Regional Gardening Reports :: National Gardening Association

New England

October, 2009
Regional Report

Plant Specialty Bulbs

Once you've got your tulips and daffodils in the ground, consider adding some of the smaller bulbs, too. Plant crocus, scilla, "species tulips," muscari, snowdrops, chionodoxa ("glory of the snow"), and dwarf iris for a dazzling carpet of color.

Edge Garden Beds

Take some time during this glorious fall weather to tidy up the edges of garden beds, and perphaps add a thin layer of fresh mulch. That way, come spring you can focus on planting.

Mulch Cold-Hardy Root Vegetables

If you have a proper root cellar or another method of storing root vegetables, go ahead and harvest them. If you don't, then wait to harvest. Instead, cover mature plantings of carrots, beets, and parsnips with a thick layer of straw. This will insulate the soil and prevent the ground from freezing, and you'll be able to harvest fresh produce into early winter by moving aside the straw and digging the roots.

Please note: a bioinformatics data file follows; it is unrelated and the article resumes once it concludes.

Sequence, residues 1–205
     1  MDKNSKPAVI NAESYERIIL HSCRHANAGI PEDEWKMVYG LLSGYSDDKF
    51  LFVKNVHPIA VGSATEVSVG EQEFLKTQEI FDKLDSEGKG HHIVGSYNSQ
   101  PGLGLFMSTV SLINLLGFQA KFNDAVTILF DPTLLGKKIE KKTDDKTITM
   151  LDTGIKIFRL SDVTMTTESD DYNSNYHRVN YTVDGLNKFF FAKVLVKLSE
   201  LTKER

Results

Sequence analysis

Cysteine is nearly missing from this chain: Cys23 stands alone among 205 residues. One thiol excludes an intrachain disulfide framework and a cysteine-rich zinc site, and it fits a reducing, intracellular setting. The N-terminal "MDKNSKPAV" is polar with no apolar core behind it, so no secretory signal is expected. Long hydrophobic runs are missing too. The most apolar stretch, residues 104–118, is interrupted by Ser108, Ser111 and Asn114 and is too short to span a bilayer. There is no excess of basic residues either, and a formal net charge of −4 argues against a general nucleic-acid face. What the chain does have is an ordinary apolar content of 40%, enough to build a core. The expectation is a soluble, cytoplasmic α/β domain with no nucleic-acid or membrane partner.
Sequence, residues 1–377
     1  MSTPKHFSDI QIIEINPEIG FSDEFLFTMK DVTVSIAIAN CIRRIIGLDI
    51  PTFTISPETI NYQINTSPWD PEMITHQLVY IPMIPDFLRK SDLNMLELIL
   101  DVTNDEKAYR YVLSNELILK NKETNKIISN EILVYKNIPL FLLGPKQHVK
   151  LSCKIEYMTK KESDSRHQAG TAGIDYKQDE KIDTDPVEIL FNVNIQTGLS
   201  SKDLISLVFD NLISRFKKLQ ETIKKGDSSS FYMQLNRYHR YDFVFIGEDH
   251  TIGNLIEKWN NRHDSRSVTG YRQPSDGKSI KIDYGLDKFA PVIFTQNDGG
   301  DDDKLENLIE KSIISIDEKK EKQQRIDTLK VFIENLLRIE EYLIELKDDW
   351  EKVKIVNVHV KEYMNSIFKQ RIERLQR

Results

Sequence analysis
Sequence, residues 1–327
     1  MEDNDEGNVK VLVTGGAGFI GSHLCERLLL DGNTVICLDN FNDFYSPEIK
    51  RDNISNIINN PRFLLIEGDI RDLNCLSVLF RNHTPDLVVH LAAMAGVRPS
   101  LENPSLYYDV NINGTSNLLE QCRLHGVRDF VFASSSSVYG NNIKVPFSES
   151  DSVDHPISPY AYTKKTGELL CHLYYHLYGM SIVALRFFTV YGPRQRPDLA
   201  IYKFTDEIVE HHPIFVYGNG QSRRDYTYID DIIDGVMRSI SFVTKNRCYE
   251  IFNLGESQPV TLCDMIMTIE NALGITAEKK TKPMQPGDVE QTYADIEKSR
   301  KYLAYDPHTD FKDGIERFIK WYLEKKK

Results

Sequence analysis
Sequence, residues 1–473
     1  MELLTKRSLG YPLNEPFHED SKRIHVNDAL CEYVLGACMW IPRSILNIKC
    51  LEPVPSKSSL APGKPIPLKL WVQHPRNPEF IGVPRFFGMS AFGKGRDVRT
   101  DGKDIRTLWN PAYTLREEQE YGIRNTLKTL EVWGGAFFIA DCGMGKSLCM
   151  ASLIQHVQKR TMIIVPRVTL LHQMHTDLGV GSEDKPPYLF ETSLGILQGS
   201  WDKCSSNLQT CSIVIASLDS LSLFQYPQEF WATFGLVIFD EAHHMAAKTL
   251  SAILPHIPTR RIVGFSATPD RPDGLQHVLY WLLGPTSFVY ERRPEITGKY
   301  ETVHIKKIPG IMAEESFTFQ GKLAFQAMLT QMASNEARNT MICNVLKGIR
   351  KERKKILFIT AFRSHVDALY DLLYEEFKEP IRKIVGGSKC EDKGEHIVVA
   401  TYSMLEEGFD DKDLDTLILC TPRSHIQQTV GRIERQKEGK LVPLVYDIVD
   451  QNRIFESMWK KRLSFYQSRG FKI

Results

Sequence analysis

Add Lime to Gardens and Lawns

It takes some time for powdered limestone to dissolve and begin its job of raising soil pH. Therefore, fall is a good time to add lime the gardens and lawn -- it will have several months to dissolve before planting season begins in the spring. Test soil first, and if the results indicate low pH spread lime with a lawn spreader, using the powdered or pelleted forms. If your soil needs magnesium as well as lime, use dolomitic limestone.

Hoard Leaves

Keep your eyes out for neighbors who are bagging up fallen leaves and offer to take them off their hands. Then add these to your own rakings, either in a compost pile or to use as mulch. Shredded leaves break down much more quickly than whole ones, so run your lawnmower over them a few times.


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